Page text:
BROADSTONE AREA OF DUBLIN

A STREET PHOTOGRAPHER WHO LIKES DOING STUFF

BROADSTONE AREA OF DUBLIN
Broadstone is one of the three neighbourhoods that make up present-day Phibsboro. The most southerly of these, Broadstone, lies just two km due north of the Liffey Bridge at Ormond Quay Dublin, Ireland. The area is triangular, bounded by Phibsborough Road and Constitution Hill to the West, North Circular Road to the north, and Dorset Street and Bolton Street to the south-east. The postal district for the area is Dublin 7 but while I do live off Henrietta Street I am actually located in Dublin 1 which causes much confusion when I try to get something delivered to my home.

Broadstone was known in earlier times as Glasmanogue. The name is descriptive of a ford crossing place over the Bradogue, a Liffey tributary stream located there. The Bradogue rises in Cabra to the north-west and runs to the Liffey at Ormond Quay. It has long been culverted and now runs almost wholly underground. The Broadstone Station, a former railway terminus, is located opposite the Kings Inns at Constitution Hill.

Broadstone is home to a number of landmarks such as the Black Church (St. Mary's Chapel of Ease), King's Inns, The Broadstone Station, the Blessington Basin, Berkeley Road Church (St.Joseph), and Royal Canal Bank. Much of the area was originally part of the Grangegorman estate, the demesne, manor house and grounds of the Monck Minogue Stanley family.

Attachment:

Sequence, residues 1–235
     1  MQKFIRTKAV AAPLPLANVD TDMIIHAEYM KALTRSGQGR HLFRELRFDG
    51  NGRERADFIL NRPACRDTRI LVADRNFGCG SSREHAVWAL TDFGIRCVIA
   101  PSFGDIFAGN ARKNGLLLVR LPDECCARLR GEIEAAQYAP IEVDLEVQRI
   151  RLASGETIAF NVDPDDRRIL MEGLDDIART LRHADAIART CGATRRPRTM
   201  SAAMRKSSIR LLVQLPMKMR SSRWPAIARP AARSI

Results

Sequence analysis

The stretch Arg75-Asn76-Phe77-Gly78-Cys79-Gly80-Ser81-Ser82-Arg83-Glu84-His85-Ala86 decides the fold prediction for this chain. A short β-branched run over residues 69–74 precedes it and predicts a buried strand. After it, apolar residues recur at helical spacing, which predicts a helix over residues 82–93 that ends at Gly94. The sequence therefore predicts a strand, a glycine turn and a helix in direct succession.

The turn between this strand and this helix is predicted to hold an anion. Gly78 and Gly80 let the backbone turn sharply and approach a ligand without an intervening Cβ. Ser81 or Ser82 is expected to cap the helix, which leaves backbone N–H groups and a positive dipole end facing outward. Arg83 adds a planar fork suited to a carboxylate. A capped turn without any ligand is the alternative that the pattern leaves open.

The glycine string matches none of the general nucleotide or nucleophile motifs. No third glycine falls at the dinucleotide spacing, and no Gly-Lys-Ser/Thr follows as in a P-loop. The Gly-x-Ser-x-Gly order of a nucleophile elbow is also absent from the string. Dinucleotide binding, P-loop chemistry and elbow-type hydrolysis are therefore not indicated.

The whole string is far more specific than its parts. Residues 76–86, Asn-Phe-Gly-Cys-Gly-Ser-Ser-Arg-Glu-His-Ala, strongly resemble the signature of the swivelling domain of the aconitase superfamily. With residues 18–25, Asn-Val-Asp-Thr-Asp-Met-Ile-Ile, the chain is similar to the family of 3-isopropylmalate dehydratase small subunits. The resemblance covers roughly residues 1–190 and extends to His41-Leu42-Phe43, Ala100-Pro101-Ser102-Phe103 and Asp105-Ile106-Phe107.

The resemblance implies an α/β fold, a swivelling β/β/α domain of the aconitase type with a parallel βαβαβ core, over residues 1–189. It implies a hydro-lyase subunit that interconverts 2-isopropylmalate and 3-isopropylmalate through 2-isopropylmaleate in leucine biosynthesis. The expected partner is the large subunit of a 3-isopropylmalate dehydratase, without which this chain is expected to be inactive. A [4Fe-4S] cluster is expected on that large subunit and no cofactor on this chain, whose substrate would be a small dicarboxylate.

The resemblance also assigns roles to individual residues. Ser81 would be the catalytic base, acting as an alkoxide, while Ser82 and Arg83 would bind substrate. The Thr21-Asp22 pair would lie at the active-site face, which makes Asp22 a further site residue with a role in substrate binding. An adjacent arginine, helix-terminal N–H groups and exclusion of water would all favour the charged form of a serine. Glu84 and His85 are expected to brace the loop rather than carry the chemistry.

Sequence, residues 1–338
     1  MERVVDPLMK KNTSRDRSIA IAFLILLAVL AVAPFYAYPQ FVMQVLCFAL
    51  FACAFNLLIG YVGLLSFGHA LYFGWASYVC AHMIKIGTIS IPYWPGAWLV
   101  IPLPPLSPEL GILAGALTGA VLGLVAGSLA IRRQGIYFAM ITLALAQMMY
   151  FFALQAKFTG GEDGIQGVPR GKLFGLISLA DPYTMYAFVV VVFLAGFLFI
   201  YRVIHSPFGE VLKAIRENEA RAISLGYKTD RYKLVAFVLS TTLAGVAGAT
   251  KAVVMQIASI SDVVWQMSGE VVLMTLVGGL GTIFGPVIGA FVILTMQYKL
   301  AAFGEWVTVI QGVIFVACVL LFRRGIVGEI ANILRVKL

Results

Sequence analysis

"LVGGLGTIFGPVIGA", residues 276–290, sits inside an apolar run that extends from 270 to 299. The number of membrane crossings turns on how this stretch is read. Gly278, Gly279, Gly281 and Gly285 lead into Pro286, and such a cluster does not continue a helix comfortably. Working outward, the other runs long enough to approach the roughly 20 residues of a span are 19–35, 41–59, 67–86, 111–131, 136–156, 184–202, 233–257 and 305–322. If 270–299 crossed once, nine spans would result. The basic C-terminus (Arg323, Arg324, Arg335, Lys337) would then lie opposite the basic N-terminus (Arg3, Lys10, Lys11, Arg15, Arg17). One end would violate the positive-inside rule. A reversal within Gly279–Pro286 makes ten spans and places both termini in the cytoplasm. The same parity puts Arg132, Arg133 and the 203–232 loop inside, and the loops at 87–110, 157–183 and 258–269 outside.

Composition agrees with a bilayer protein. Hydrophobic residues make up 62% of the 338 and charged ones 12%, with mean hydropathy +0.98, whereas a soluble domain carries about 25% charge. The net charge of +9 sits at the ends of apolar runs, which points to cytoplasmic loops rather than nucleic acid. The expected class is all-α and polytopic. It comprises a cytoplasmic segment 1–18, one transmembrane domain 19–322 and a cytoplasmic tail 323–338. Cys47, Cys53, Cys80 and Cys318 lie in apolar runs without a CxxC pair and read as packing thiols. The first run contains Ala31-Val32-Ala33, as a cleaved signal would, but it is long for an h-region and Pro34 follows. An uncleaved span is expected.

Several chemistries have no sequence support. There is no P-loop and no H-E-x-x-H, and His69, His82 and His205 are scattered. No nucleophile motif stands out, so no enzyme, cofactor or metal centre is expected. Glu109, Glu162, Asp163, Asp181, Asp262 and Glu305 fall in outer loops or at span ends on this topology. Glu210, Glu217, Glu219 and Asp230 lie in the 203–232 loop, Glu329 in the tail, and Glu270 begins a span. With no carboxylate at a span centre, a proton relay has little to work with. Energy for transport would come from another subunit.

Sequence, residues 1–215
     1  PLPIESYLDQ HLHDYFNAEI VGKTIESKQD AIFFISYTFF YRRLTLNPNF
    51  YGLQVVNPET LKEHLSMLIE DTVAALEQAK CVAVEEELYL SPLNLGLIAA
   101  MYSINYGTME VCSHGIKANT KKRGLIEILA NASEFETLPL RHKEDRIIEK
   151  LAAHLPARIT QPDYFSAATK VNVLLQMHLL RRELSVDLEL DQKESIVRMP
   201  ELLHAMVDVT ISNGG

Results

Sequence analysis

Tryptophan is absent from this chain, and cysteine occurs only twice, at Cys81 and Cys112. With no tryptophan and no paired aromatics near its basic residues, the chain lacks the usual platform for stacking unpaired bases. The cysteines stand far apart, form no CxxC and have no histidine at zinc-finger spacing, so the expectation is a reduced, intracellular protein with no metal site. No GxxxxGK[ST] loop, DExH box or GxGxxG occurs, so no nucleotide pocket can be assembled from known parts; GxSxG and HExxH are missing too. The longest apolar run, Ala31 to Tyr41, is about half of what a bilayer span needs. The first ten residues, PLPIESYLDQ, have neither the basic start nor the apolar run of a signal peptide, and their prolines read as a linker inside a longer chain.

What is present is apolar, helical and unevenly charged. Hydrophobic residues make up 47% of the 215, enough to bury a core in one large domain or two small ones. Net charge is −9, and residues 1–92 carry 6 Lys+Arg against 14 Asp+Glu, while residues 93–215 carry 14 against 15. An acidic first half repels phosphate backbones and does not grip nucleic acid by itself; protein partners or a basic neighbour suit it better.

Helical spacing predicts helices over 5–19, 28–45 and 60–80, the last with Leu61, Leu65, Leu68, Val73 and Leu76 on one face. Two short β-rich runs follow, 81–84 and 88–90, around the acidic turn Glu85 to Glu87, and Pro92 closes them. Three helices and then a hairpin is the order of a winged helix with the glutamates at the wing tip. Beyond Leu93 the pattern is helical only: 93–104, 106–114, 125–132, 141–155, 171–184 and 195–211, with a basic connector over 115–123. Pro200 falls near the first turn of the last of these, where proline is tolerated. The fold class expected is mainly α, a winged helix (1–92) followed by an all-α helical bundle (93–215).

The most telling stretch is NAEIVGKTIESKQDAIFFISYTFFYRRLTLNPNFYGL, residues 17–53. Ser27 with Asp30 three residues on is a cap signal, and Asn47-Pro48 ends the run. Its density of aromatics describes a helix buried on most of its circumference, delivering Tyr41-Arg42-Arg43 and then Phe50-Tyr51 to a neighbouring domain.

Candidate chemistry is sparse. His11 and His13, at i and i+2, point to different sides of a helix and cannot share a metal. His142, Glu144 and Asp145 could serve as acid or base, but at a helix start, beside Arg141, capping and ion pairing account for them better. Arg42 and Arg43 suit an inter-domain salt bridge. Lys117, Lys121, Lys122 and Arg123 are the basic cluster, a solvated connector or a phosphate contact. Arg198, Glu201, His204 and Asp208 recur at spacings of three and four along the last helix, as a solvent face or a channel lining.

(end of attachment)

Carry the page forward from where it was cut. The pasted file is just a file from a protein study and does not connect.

The area consists of streets of small and mid-sized red-brick houses built after the development of the G.W.R. a century after the building of early Georgian Dublin in neighbouring Mountjoy prior to the Act of Union 1801. One notable aspect of Georgian architecture retained in these modest homes was the ornate doorways with half-circle fanlights.

Broadstone does not have a village centre or main street. The Railway Terminus was the focal point of the neighbourhood. Broadstone's importance was derived came from its location as one of Dublin's six railway termini.